It explained that the Chinese Government is reliant on oil produced in Africa, especially Angola, which is now the second-largest exporter after Saudi Arabia to China. There is concern that Chinese funding might be detrimental to other investors.
To succeed in these tough times, analysts are of the view that African oil producers should strengthen their local content laws and concentrate on empowering indigenous companies as this will help fast-track the growth of the economy.
The Gulf Intelligence report also stated that African producers can cope by creating greater opportunities for partnerships between Africa and the Middle East on the emerging South-South energy corridor and also create competition for market share in Asia between African and Gulf producers.
It added that African producers will increasingly find markets locally, with a population boom and six percent Gross Domestic Product (GDP) growth across the continent.
In conclusion, drawing from arguments posited by experts, it is obvious that the best safeguard for the shocks brought about by low oil price is for the affected countries to diversify their economy away from dependence on oil, deepen local content laws and place increased emphasis on investment in renewable energy.
There is also the need for continued investment in the oil and gas sector while attempt should be made to increase the competitiveness of the continent in global oil and gas market.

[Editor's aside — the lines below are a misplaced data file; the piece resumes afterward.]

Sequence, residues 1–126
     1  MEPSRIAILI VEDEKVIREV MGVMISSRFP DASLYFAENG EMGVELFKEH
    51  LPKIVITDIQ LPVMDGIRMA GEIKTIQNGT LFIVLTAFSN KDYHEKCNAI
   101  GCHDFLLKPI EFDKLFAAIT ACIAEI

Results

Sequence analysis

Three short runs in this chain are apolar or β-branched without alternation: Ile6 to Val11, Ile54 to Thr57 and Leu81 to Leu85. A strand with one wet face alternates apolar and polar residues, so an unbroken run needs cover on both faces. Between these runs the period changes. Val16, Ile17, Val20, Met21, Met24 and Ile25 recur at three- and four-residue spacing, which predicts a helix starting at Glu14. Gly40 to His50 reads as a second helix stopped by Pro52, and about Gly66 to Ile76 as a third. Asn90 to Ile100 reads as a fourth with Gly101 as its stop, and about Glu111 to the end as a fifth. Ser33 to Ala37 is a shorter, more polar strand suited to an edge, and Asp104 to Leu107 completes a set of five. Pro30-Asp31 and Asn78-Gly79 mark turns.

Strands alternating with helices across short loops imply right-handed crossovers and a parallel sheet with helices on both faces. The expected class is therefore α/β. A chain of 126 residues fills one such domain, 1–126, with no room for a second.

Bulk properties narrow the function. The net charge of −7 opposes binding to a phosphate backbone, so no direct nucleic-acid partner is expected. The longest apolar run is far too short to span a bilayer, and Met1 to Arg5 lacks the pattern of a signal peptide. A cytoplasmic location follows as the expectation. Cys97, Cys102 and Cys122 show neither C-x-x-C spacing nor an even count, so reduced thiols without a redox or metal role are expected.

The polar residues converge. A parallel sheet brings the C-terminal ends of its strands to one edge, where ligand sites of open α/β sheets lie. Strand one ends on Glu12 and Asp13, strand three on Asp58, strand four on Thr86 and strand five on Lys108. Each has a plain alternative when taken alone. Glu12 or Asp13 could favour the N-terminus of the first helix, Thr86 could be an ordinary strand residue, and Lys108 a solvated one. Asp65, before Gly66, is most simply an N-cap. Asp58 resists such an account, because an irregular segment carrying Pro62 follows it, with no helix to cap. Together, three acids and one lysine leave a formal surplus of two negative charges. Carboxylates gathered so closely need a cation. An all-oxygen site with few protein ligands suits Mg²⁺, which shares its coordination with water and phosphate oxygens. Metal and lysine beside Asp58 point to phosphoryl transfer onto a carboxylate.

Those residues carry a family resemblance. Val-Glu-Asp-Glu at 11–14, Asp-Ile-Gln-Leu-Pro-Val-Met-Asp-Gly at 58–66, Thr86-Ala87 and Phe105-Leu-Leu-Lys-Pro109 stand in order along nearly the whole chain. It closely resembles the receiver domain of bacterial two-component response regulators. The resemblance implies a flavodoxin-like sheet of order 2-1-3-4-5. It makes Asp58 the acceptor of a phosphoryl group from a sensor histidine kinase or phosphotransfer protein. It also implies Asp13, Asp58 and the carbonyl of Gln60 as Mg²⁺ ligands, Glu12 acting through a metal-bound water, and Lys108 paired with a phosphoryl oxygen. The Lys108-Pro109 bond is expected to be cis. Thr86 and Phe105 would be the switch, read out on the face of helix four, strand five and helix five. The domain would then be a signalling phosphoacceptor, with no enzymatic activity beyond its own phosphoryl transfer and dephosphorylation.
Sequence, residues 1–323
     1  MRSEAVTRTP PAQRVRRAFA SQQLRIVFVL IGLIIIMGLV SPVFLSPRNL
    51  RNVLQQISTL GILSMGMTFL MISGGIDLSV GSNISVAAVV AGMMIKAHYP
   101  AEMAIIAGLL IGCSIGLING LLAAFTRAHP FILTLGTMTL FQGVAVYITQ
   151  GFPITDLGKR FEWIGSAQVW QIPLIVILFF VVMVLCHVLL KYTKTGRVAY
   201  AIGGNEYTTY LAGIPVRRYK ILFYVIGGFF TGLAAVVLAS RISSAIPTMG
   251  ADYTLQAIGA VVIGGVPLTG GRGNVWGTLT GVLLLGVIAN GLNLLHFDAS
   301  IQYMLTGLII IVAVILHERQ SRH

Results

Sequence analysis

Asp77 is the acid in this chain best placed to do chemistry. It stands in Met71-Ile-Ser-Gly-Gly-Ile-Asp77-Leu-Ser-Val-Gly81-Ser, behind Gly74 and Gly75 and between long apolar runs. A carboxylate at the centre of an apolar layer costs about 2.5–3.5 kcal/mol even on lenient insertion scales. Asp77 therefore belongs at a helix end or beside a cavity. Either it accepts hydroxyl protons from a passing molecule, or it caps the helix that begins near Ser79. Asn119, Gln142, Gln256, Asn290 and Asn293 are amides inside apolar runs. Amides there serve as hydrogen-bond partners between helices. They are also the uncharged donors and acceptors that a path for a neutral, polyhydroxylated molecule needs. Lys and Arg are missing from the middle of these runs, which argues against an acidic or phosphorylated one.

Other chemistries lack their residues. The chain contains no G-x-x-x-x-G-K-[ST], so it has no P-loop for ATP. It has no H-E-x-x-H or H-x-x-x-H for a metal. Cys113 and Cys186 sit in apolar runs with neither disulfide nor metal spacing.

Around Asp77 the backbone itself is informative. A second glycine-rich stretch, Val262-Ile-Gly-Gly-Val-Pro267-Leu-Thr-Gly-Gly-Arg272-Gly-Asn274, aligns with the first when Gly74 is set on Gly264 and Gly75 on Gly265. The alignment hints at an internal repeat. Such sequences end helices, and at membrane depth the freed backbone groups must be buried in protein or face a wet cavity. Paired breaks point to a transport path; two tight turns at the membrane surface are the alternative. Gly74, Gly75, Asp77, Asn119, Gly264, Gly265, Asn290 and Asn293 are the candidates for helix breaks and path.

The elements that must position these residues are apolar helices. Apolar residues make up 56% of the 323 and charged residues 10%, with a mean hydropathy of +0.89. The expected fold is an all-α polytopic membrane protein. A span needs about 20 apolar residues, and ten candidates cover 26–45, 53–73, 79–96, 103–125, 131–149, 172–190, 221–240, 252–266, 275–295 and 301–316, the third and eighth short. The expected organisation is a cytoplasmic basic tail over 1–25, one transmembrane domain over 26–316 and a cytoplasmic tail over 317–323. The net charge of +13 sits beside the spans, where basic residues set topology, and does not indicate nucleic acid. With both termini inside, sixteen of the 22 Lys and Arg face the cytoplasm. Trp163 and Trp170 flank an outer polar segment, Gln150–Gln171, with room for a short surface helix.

Like Nigeria’s Minister of State for Petroleum Resources and Group Managing Director of the Nigerian National Petroleum Corporation, NNPC, Mr. Ibe Kachikwu said, there is the need for oil producing countries to position themselves and ensure they play a strategic role in the Organisation of Petroleum Exporting Countries, OPEC and in the global petroleum industry in general.
Kachikwu, who stated this in Abuja when announcing the commencement of preparations for the African Petroleum Producers Association’s, APPA, 6th Africa Petroleum Congress and Exhibition (CAPE VI) to be hosted by Nigeria, had maintained that the volatility in the global oil industry has made it imperative that smaller producer countries in Africa huddle together to be able to find ways and means of encouraging and pushing forward their agenda.
This, it is believed, is going to be critical in the 2016 timeframe when obviously, the strategic movements and realignments over the issue of oil pricing would be happening.